This paper investigates how constituency size affects spatial competition in a two-party system with a new entrant. When the electorate is small, two-party systems are stable only if the following conditions hold: the candidates are neither too certain nor too uncertain about voters' preferences; competition is sufficiently costly; and the candidates have binding policy commitments. Moreover, whenever equilibrium exists in small constituencies, the two parties are considerably polarized. In contrast, when the electorate is large, two-party equilibrium obtains under a much wider set of conditions and exhibits low polarization. The Downsian prediction of two-party convergence and the Duvergerian prediction of plurality rule leading to a two-party system are more robust in larger electorates.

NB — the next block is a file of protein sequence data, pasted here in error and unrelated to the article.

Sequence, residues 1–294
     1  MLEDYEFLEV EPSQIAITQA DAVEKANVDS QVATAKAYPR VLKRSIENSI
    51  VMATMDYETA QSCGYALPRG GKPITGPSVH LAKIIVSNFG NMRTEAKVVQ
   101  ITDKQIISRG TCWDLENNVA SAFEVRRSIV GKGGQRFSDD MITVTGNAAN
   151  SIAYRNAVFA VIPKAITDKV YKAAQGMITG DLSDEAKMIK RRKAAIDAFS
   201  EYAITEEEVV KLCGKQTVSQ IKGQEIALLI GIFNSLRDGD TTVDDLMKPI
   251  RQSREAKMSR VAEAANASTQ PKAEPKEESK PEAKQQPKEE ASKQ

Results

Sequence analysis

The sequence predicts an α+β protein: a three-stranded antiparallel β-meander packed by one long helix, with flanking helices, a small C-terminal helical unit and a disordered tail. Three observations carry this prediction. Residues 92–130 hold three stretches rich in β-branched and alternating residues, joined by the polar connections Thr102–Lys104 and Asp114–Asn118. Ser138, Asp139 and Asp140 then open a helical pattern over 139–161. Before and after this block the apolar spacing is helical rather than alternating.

- probabilistic voting
- spatial competition
ASJC Scopus subject areas
- Sociology and Political Science